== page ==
But here’s the deal: Just because I will likely be able to return to economic self sufficiency does not mean other people on SSDI are less driven or motivated than me. I’m not a harder worker than other people on SSDI. I don’t have a different sense of “entitlement” than others on SSDI. I’m not in any way a better person than others on on disability. I am more fortunate and privileged than most others on SSDI.

Let’s first examine my situation with the situation of a friend of mine. My friend, “Doug”, is in his 50s. He has a high school level education. He had been a semi truck driver his entire working life. Our incomes were comparable when we became disabled. We both made in the upper $40s annually so our SSDI income is about the same. Doug became partially paralyzed. He uses a wheelchair on bad days, and walking sticks on rare good days for mobility. There is no way he can return to work as a truck driver. He could not pass a Department of Transportation physical. He did not have a spouse when he became disabled.

Despite his indisputable paralysis, he was denied benefits at the time of his initial SSDI application. By the time he was approved on appeal, he had a negative net worth due to medical bills associated with his illness and rehabilitation.  He was near homelessness. He stayed with barely sympathetic family.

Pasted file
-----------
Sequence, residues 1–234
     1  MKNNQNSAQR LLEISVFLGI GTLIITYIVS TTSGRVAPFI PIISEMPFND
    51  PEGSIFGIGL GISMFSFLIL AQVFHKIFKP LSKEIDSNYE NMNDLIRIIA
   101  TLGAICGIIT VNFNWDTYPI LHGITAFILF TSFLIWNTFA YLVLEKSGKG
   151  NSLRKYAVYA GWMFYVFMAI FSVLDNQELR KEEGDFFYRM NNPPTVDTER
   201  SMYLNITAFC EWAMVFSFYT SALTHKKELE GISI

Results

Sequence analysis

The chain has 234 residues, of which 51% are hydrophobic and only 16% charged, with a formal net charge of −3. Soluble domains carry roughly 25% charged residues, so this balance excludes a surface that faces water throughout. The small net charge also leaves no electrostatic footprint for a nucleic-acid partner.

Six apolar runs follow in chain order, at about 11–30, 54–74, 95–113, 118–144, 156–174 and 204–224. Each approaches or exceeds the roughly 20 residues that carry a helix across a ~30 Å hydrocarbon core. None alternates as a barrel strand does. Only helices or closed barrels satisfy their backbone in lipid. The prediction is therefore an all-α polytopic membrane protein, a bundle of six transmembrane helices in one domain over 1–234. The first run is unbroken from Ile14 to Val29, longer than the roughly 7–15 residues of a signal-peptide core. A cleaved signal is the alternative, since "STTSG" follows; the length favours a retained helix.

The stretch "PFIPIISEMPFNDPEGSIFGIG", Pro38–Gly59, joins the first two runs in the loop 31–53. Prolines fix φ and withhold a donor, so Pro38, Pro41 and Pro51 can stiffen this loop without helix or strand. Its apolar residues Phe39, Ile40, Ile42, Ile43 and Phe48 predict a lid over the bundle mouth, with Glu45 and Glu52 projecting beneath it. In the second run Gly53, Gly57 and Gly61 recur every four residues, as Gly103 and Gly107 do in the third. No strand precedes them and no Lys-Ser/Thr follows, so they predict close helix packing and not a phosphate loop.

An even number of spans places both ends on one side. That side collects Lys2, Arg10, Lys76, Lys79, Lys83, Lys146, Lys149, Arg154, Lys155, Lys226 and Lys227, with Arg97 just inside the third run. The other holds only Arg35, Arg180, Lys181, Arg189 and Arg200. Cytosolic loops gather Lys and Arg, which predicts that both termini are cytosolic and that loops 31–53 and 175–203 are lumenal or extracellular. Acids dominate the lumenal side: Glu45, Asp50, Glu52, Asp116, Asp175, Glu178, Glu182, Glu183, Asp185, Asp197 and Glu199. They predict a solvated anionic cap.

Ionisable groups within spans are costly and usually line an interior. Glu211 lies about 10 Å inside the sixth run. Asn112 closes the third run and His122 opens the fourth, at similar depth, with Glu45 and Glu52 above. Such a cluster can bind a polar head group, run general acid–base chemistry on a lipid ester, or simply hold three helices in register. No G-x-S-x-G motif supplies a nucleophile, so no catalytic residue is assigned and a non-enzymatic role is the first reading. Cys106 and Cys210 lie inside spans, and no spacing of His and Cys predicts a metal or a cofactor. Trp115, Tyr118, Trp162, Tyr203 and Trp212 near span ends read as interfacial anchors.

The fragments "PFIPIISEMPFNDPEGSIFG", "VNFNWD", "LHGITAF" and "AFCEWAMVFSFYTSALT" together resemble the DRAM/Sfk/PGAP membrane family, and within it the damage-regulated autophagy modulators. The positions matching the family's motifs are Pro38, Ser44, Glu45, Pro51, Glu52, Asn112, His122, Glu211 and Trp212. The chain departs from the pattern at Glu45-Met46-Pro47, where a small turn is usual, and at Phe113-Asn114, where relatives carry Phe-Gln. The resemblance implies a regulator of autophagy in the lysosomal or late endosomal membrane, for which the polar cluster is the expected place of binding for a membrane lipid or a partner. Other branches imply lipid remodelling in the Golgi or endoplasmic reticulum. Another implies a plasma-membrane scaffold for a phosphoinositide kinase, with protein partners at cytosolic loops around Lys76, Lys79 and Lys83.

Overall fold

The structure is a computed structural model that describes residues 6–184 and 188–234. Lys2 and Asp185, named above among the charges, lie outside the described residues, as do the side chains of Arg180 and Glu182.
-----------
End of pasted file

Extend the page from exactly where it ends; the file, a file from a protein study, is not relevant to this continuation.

Months later, when he got his SSDI back pay, he had to use it for bankruptcy attorney fees and housing. He had lost everything while unable to work and awaiting benefits so he had to use his back pay to start from scratch and get necessities such as rent deposits, furniture, and an old broken down car. He only has Medicare so he has to pay for 20% of his ongoing medical treatment. After those expenses he sometimes does not have enough money for food. In order for him to retrain for a desk type job, he would need reliable transportation to access educational opportunities, assistance getting his wheelchair in and out of his car to attend these opportunities, money for clothes, and a big assurance that age and disability discrimination won’t keep his efforts from paying off.

Contrast that with me. I became disabled at age 38. I have a bachelor’s degree level of education. While I was denied benefits twice, I was finally awarded them by a judge who approves less than 25% of the cases that go before him. The vocational expert at my hearing explained there exists no full time position that could accommodate my disabilities, “No competitive employment,” were the words she used to describe the positions in which I could work.